Crown Royal (Arista)
King of Rock: Respect, Responsibility and My Life With Run-DMC (with Bruce Haring, St. Martin’s Press)
Even music fans with little awareness of or interest in rap know about Run-DMC. Rappers Joseph “Run” Simmons and Darryl “DMC” McDaniels, along with turntable partner “Jam Master” Jay, helped make rap a mass phenomenon with their inspired blend of wily rhymes and snappy samples. Along with Public Enemy and N.W.A., Run-DMC dominated the ‘80s, but the trio soared past their rivals when it came to crossover success. Whether it was the emphatic, cutting language of “It’s Like That,” “It’s Tricky,” and “Rock Box,” or the chart-climbing impact of “Walk This Way,” and “You Be Illin’,” the trio’s best material had pop production savvy and appeal, yet didn’t lack edge or narrative zest.
But Run-DMC haven’t been influential since the late ‘80s, and their last release, Down With the King in 1993, was only salvaged by the ferocity of the title cut and some capable assistance from the likes of Q-Tip, Pete Rock, and Naughty By Nature, among other guests. These days, Run-DMC’s content seems woefully out of place in an era dominated by tales about pimping, gun battles, and outlaws. Simmons and McDaniels’ boasting, taunting exchanges have never been as obscenity-laden as the rhymes of a Jay-Z or a DMX, and their cadence and flow are much slower and less hard-edged. Though never as G-rated as Will Smith or Dana Dane, Run-DMC’s appeal undeniably lies in their non-threatening image: They might have helped usher in such fads as baggy pants and unfastened sneakers, but they’ve never scared parents and moral guardians the way today’s hip-hop crew has. Still, Run-DMC have always maintained a distinctive identity.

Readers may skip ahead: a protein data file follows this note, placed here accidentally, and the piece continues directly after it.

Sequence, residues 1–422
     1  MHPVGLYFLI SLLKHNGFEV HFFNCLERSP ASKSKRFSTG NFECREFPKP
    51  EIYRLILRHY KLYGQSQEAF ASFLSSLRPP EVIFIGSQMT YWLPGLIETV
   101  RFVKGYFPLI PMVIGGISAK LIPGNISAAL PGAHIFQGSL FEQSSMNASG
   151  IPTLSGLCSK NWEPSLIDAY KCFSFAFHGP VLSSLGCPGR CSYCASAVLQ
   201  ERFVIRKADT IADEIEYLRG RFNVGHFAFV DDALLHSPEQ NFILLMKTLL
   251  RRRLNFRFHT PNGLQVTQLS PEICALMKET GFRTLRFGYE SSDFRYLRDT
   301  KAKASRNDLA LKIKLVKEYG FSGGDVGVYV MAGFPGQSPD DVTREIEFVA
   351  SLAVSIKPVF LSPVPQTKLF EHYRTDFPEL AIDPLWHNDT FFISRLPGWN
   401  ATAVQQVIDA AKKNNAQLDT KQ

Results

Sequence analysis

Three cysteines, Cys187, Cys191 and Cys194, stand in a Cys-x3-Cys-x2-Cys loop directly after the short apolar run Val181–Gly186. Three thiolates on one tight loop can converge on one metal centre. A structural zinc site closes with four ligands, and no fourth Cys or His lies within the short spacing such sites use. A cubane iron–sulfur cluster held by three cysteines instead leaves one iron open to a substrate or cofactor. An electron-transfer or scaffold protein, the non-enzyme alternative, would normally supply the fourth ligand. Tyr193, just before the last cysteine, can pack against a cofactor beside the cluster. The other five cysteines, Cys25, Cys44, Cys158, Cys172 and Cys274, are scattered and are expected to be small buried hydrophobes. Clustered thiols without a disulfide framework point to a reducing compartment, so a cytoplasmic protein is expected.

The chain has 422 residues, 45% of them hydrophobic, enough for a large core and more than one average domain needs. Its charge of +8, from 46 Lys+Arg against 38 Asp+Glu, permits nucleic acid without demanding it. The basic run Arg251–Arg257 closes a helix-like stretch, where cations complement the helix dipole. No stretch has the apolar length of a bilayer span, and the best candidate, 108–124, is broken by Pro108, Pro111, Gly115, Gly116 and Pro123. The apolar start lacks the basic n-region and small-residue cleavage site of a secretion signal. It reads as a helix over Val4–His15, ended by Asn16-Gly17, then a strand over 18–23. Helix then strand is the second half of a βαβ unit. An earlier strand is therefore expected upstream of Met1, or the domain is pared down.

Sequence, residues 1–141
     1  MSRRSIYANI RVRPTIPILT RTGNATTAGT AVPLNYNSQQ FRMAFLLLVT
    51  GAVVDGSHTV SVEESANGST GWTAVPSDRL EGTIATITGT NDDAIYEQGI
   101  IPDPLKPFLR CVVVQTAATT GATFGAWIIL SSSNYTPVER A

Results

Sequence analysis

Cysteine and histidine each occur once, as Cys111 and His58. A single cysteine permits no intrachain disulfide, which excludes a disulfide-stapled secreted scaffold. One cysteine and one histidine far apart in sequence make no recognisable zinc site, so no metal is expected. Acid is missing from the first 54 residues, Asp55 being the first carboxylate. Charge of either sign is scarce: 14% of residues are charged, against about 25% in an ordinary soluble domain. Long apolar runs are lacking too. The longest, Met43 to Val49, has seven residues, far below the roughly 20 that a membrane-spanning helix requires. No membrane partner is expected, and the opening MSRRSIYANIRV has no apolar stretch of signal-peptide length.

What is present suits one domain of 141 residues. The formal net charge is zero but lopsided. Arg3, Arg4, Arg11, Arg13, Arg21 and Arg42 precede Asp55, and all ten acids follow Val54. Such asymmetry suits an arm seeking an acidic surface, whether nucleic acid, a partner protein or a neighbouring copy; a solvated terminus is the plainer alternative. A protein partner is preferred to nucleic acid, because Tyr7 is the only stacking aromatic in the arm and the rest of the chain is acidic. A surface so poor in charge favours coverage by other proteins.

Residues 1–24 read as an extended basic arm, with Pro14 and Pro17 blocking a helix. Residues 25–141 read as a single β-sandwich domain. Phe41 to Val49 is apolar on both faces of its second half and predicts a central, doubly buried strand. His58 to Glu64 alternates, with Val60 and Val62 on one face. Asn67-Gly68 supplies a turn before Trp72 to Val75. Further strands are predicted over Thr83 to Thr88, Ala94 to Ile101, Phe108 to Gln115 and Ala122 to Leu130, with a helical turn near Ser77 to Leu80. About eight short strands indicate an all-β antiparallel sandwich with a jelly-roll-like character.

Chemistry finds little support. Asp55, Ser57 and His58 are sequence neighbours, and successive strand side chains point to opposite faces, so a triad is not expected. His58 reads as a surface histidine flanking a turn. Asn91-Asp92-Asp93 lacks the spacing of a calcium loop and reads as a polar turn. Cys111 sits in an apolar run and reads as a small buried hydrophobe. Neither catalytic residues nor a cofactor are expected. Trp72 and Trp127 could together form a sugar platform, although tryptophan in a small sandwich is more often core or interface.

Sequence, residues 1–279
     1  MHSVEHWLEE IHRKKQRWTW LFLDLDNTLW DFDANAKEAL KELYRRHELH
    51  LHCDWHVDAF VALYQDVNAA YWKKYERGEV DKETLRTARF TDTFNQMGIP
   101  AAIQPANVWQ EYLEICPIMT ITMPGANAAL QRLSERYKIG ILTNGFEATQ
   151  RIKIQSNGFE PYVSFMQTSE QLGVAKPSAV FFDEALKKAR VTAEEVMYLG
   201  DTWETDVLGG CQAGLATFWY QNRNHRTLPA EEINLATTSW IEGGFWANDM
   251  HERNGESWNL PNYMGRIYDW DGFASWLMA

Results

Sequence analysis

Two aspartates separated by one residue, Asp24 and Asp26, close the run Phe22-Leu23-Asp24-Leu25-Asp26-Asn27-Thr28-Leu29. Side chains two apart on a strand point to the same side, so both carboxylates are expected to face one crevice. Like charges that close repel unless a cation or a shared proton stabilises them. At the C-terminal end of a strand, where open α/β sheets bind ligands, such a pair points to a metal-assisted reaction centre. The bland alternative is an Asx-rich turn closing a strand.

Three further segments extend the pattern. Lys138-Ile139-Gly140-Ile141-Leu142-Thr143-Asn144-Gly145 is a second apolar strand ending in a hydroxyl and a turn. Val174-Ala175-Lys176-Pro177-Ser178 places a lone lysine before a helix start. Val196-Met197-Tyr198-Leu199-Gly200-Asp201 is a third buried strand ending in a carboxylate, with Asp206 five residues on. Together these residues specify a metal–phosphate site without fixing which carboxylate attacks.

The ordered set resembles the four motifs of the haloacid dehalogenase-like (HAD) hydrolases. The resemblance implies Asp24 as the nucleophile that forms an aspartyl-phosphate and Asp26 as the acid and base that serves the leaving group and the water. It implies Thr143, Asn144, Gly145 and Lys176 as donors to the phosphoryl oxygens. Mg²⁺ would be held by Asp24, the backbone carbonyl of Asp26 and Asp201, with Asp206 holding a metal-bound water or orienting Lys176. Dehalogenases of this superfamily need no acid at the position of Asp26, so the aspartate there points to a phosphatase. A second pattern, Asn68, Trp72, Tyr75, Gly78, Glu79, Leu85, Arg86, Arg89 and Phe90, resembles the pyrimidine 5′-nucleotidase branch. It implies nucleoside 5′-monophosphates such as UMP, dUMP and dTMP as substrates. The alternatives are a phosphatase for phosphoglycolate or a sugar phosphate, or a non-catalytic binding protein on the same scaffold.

That’s what makes Crown Royal, their newest outing, such a disappointment. The unit’s first new release in nearly eight years now also looks like it will be the final Run-DMC album. McDaniels is only on four songs, and he can barely be heard on those. Lengthy stories in publications such as USA Today and Entertainment Weekly allege that McDaniels has lost his voice and his interest in hip-hopsomething reflected in the pages of his newly released autobiography, King of Rock: Respect, Responsibility, and My Life With Run-DMC. McDaniels doesn’t discuss his vocal problems, but he does admit that he’s fed up with rap’s embrace of the “gangsta” ethos, and he cites such rock icons as Bob Dylan, The Beatles, and The Rolling Stones as his heroes. He also questions the praise and devotion given Tupac Shakur and Biggie Smalls, laying the blame for both men’s demise on their willingness to market themselves as gangsters. McDaniels emerges in these pages sounding almost like a conservative Republican, though he also admits to behavioral excesses, in particular drug and alcohol abuse. It is crystal clear that he has turned his back on contemporary rap, despite agreeing to tour with Simmons and company in support of Crown Royal.